September 16, 2019
Doug Robinson Discusses PTAB Trends for Medical Device Makers with Medical Design Briefs
St. Louis patent attorney Doug Robinson provides commentary about key trends at the Patent Trial and Appeal Board (PTAB) and their effects on medical device companies in a new article published on the Medical Design Briefs website.
According to the article, medical device companies have challenged thousands of patents since the PTAB was introduced in 2012. New data from the PTAB suggests companies will file fewer patent challenges at the PTAB this year compared to last year, however, with as much as 24% fewer filings reaching the Board.
Why the shift in PTAB filings? The PTAB itself appears to be making it harder for challengers to win at trial. Lower odds for success mean fewer companies willing to try.
“Current trends favor patent owners,” says Robinson. “More specifically, the rules and standards for Inter Partes Reviews have shifted over the past few years in ways that favor patent owners. These changes have been based on formal rulemaking as well as PTAB decisions designated as ‘precedential’ by the Patent Office.”
Robinson highlights the October 2018 rule that changed the claim construction standard from the broadest reasonable interpretation to the Phillips standard (which is the standard applied in litigation and is more beneficial to a patentee facing an invalidity challenge) as a key cause of the shift in PTAB trends.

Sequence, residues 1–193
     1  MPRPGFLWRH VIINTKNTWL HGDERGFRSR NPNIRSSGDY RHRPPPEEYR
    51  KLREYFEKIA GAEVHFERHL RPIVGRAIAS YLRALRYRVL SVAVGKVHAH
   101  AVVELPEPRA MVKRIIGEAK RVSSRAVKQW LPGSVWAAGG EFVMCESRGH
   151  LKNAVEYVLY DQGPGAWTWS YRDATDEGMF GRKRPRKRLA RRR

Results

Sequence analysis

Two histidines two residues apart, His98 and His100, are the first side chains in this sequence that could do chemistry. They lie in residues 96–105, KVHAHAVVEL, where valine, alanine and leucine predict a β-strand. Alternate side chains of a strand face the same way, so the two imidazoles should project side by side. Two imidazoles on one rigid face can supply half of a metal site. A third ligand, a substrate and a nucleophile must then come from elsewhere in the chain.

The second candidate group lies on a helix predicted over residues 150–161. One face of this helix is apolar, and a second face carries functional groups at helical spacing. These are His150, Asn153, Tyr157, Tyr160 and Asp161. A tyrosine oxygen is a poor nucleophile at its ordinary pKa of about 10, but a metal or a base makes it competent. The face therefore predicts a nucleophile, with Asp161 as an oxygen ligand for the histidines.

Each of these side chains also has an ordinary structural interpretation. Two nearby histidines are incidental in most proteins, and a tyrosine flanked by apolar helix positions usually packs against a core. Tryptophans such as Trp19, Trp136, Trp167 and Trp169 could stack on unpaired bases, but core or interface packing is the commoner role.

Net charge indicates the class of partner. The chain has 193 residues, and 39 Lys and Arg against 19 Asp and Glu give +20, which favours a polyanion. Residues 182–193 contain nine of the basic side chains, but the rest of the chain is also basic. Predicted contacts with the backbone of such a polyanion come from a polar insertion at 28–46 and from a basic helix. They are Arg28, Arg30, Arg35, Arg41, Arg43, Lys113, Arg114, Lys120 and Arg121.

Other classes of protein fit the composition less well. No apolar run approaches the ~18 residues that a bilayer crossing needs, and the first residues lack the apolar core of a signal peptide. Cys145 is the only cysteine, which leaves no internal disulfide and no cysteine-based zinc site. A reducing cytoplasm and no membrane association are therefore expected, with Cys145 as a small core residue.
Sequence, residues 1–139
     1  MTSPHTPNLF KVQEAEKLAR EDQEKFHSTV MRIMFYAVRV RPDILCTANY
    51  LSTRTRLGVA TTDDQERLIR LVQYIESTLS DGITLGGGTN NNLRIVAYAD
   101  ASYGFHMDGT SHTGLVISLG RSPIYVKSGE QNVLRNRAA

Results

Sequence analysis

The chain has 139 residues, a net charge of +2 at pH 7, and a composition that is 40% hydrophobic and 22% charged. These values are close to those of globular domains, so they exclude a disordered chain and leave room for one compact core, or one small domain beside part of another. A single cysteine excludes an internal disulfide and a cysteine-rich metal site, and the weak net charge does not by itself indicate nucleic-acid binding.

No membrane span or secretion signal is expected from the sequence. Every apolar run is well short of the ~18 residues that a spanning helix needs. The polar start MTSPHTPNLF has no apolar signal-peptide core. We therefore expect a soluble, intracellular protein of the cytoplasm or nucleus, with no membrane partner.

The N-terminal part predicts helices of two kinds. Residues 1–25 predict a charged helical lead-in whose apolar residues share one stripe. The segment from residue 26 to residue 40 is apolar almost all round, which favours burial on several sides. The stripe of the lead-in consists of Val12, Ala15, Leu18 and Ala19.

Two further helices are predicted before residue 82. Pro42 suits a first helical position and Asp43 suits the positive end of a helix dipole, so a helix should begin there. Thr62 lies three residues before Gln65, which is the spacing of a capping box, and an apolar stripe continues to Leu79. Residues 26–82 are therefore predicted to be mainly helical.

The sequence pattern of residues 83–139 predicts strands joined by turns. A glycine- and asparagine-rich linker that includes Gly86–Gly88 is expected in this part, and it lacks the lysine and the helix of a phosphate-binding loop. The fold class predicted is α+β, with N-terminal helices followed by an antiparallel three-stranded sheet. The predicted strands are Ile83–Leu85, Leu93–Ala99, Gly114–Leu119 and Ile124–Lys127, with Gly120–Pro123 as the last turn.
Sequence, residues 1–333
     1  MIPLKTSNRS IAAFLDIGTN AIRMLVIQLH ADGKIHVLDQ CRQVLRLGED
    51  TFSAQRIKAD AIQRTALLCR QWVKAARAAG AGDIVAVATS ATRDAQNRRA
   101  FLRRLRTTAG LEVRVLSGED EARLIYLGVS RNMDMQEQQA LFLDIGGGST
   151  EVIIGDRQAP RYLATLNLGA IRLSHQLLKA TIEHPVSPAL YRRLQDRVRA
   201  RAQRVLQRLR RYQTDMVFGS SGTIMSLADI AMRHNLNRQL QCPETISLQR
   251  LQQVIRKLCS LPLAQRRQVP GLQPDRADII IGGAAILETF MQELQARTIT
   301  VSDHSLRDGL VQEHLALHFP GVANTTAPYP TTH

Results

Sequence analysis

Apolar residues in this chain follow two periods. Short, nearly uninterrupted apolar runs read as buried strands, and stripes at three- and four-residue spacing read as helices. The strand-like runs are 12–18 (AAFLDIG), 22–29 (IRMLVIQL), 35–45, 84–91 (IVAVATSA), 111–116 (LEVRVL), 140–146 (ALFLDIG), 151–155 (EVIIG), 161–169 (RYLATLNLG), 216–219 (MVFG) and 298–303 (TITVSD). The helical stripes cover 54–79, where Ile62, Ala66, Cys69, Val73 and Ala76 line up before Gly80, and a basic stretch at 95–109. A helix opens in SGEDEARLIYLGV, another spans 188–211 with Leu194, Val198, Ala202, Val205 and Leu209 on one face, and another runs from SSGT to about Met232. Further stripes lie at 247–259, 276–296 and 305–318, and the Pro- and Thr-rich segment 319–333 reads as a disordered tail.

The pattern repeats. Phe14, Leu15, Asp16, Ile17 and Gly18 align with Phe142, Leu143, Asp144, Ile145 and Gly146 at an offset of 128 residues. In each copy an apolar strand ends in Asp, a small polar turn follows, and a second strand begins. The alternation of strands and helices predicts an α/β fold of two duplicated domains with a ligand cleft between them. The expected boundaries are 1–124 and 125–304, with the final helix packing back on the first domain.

Medical device companies will also need to keep an eye on future decisions, such as the Precedential Opinion Panel’s pending decision in Hulu, LLC v. Sound View Innovations, LLC which will address “printed publication” standards.
“This is an important issue,” says Robinson. “Whether something is sufficiently publicly accessible to qualify as a ‘printed publication’ matters for whether that document qualifies as prior art. When non-patent documents are involved (for example, presentations at scientific conferences), the question of whether an IPR is instituted can hinge on whether the document should be considered a printed publication. This is especially important to medical device companies, which often face invalidity challenges based on scientific presentations.”
While patent owners should probably be less worried about IPRs overall, each individual case has the potential to go against the overall trend. “The best strategy is to be prepared. Study the reasons why PTAB panels reject petitions on both substantive and procedural grounds, and use that knowledge if an IPR is filed against your company.”